David Keele on June 9, 2014

Full-Day Kindergarten Committee Will Exist, With Details Yet To Come

The following is Part Four of the June 9, 2014 Westford School Committee meeting. For an index to the full meeting, click here.

9:23 p.m. – The agenda then went to issue of a citizens’ study committee of full day kindergarten.

In the past, there had been committees to study the issue, and Olsen said there was growing interest in the community.

He wanted to recommend starting a citizens’ study committee on the issue on whether to implement full day kindergarten or stick with half day kindergarten.

Murray asked that the next committee be composed of varying opinions on the issue and that there may be concerns from citizens participating in these study committees feeling ignored if their recommendations are not taken, but that significant thought is taken before any decision regarding a recommendation is made.

Harkness confirmed that the charge of the committee was not to investigate the cost of full-day kindergarten, but whether or not it had an educational value, with the School Committee and Selectmen determining the funding mechanisms.

Kohl then added that this is not a new topic and there have been committee members who have had concerns over this topic, but it had not been addressed for several years.

At that time, a report was given on data related to the outcomes for students that have access to full-day kindergarten, but this data was not presented.

Kohl was concerned with creating another committee when existing data had not been discussed and said that the committee does not want full-day kindergarten for the sake of full-day kindergarten, but to possibly improve educational outcomes.

She then said if there is a committee, it should not interview other towns, but why Westford would want full-day kindergarten and she feels uncomfortable currently moving forward.

David Keele on June 9, 2014

David Keele on June 9, 2014

Olsen disagreed, saying that information from other districts is important and this is a significant issue.

Kohl replied she would not support a blank check regarding to this issue.

Clay disagreed, saying this would be more of a solution than a problem, and that the committee could support Olsen’s judgment regarding presenting data.

Kohl said she could Olsen coming back with a draft

Kristine Bates, a parent in the audience, then talked about her son’s experience in half-day kindergarten and that half-day kindergarten compresses the kindergarten experience for children.

She said that it is important for the public to obtain the data to come to a decision and that information must also be obtained from current kindergarten teachers.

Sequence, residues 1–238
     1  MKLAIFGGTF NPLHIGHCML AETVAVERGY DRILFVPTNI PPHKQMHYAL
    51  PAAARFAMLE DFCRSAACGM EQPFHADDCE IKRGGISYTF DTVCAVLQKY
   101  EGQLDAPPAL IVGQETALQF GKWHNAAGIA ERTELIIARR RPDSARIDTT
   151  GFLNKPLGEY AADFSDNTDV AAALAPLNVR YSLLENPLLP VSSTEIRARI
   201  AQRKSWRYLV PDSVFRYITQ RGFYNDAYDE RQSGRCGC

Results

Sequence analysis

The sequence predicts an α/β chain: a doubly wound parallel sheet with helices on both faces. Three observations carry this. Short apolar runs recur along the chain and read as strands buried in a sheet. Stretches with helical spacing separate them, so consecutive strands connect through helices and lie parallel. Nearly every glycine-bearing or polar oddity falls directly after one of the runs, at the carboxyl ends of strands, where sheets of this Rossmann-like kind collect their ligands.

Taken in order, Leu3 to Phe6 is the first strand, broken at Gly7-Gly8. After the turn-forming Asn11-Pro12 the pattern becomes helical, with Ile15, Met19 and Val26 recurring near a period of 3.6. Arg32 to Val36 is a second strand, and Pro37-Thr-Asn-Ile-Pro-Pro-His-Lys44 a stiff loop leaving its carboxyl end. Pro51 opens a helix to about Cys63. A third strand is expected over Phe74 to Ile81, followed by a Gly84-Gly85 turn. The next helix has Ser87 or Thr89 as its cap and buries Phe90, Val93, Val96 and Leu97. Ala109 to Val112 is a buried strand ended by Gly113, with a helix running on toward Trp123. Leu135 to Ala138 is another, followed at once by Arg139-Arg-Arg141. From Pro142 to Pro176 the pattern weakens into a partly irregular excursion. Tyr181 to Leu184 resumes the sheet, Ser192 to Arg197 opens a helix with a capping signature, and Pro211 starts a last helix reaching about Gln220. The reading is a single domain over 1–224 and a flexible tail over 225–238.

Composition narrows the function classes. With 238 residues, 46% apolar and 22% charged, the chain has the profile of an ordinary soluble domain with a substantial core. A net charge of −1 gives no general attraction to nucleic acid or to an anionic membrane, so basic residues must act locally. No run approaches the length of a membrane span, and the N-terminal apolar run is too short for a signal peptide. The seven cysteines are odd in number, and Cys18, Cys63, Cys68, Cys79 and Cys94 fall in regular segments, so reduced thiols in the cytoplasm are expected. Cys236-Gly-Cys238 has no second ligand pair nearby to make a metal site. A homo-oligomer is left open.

Keele then said that the kindergarten teachers were about to make a presentation, but that the presentation was delayed due to the fact that implementation was not going to be made immediately and that points may be forgotten over the summer.

He said that should be one of the first major topics next year.

Clay offered a motion for Olsen to create a committee and a timeline, Kohl said that was not what was discussed, Murray said a proposal should be provided ahead of time.

Harkness then said that this issue had been discussed for a long time and it was discussed three times, which Kohl disagreed with.

Harkness said that having Olsen put a mission statement together would be a waste of time, and that it is important to move forward and that the citizens’ committee would just bring information back.

Kohl asked to amend the motion to get information on what the purpose of the committee would be as well as timelines. Keele seconded the amendment and asked if there were any possibility that committee come back with a recommendation of bringing full-day kindergarten.

Murray replied. The amendment was passed 5-2, with Clay and Harkness opposing.

Avery Adam then came to the microphone to ask if the committee should make the timeline and mission rather than Olsen.

Keele said he is not hearing any opposed to creating a committee.

Adam asked that the committee begin so it can get started.

Olsen said he would draft an outline.

The original motion as amended was approved unanimously.

9:44 p.m. – The agenda then went to the second reading of the fingerprinting policy.

Kohl went over changes to the proposed policy, with some of it coming from a comparable policy in Plymouth, Massachusetts.

The policy was unanimously approved.

9:45 p.m. – The board appointed Olsen as the representative to the Valley Collaborative, the new name for the Merrimack Education Collaborative, a group that helps local districts with special education.

A member of the collaborative is expected to attend a future meeting.

Murray then asked questions regarding the issue.

Executive Session minutes were approved, with Murray abstaining.